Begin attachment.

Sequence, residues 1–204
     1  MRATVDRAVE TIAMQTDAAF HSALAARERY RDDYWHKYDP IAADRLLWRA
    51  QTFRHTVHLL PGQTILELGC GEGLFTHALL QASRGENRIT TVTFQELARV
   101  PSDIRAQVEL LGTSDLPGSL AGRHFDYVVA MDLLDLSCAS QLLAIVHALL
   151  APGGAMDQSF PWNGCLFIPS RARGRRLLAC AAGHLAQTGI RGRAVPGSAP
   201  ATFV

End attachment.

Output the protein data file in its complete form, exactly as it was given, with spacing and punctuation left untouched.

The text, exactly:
Sequence, residues 1–204
     1  MRATVDRAVE TIAMQTDAAF HSALAARERY RDDYWHKYDP IAADRLLWRA
    51  QTFRHTVHLL PGQTILELGC GEGLFTHALL QASRGENRIT TVTFQELARV
   101  PSDIRAQVEL LGTSDLPGSL AGRHFDYVVA MDLLDLSCAS QLLAIVHALL
   151  APGGAMDQSF PWNGCLFIPS RARGRRLLAC AAGHLAQTGI RGRAVPGSAP
   201  ATFV